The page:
The recording and the slides from today’s webinar entitled Open Access in the global South: Perspectives from the Open and Collaborative Science in Development Network are now available on Zenodo. Prof. Leslie Chan shared key lessons from OCSDNet which is a research network with scientists, development practitioners, community members and activists from 26 countries in Latin America, Africa, the Middle East and Asia. Based on OCS experience, he questioned openness and public good, discussed open science definition beyond academy. Prof Chan also highlighted that principles as in the definition of Next Generation Repository should be guiding the technology and the infrastructures, not the other way around.

Webinar with Prof. Leslie Chan | Open Access in the Global South: Perspectives from the Open and Collaborative Science in Development Network

COAR is pleased to announce a webinar session with Prof. Leslie Chan, University of Toronto Scarborough entitled “Open Access in the global South: Perspectives from the Open and Collaborative Science in Development Network“.

Date & Time: 3 May, Thursday at 15h CEST/ 9h EDT

Webinar recording and the slides

As with science in general, the discussion around open access has generally been driven by the institutions and perspectives of western or global North countries. However, approaches to open access are far more diverse and there are alternative approaches that have not gained visibility, especially in historically marginalized communities. This presentation will present some key lessons of the OCSDNet The OCSDNet is a research network that engaged in participatory research and consultation with scientists, development practitioners, community members and activists from 26 countries in Latin America, Africa, the Middle East and Asia to understand the values at the core of open science in development. What we learned is that there is not one right way to do open science, and “openness” requires constant negotiation and reflection, and the process will always differ by context due to historical and socio-political factors. The set of seven values and principles at the core of the OCSDNet manifesto will be discussed for a more inclusive open science in development. More important, we will discuss the implications of these values in relation to the aspirations and features of COAR’s Next Generation Repository.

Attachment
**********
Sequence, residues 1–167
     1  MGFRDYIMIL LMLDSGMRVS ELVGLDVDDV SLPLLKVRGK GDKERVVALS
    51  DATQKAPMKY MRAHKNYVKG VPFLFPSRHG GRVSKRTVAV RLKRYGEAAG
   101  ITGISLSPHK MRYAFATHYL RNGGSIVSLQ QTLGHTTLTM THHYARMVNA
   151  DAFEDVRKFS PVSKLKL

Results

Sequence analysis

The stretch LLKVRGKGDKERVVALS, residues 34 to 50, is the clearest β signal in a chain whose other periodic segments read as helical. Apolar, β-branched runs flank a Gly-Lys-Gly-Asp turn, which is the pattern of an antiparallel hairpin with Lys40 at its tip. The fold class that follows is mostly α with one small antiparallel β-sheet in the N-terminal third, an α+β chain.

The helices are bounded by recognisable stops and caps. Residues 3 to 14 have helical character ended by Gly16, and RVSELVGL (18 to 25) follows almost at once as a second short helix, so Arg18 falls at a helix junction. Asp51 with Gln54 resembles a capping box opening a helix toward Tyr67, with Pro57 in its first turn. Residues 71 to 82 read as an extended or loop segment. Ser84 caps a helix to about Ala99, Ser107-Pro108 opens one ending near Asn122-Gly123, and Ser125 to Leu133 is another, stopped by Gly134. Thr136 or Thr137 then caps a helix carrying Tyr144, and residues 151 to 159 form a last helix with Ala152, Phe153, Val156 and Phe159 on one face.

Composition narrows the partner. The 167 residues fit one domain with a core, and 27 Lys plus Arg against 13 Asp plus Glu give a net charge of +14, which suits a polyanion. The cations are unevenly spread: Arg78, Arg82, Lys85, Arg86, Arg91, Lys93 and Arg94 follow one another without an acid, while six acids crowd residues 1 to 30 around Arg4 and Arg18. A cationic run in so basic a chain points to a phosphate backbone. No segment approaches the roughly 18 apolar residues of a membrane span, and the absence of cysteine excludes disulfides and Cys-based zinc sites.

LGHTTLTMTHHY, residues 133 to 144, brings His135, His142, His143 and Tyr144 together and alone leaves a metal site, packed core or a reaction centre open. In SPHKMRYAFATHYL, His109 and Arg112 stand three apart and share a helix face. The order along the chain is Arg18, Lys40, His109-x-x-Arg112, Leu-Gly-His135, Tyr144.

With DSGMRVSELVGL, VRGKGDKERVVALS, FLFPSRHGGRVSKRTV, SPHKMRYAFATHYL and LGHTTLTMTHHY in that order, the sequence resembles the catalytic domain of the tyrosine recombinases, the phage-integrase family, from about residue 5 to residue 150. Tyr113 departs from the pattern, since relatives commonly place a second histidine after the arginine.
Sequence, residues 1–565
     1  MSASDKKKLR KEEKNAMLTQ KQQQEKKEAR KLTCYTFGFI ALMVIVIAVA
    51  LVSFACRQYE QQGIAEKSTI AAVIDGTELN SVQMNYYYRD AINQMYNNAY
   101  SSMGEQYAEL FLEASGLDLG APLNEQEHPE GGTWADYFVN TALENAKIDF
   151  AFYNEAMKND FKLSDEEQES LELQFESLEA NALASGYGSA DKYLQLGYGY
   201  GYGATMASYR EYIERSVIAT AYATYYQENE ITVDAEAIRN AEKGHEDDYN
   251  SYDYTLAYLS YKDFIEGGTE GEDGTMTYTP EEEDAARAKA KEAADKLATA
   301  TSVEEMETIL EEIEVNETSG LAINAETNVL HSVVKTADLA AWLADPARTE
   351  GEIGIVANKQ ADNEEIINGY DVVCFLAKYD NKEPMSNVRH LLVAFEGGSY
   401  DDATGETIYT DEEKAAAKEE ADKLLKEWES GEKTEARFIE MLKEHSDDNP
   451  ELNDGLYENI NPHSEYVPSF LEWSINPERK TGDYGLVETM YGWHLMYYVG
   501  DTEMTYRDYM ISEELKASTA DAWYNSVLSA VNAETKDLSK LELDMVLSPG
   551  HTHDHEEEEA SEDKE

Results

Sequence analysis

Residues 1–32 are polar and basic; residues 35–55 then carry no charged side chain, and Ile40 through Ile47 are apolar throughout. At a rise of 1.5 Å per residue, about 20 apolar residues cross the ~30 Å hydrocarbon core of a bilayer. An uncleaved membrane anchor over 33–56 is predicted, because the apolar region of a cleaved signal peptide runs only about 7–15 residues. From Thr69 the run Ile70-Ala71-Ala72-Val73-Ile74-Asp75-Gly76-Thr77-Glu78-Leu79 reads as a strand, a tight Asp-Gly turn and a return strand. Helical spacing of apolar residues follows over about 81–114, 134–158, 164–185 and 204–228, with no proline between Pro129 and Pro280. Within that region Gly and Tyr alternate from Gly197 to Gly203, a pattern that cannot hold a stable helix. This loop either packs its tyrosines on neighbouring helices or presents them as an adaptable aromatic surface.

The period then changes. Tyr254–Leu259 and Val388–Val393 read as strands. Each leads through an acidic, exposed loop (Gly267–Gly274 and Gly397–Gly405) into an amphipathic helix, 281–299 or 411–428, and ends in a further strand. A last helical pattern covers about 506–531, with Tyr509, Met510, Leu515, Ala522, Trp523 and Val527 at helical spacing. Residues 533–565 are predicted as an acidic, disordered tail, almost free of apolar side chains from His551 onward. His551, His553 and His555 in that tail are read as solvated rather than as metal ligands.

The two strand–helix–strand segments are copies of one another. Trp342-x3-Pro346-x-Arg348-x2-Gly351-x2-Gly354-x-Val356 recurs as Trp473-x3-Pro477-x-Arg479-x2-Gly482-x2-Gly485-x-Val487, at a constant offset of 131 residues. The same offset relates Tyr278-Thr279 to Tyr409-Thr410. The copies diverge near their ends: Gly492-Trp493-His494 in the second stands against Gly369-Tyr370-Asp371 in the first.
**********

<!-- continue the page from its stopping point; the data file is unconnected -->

About Speaker

Leslie Chan is Associate Professor, Teaching Stream, in the Department of Arts, Culture and Media and the Associate Director of the Centre for Critical Development Studies at the University of Toronto Scarborough.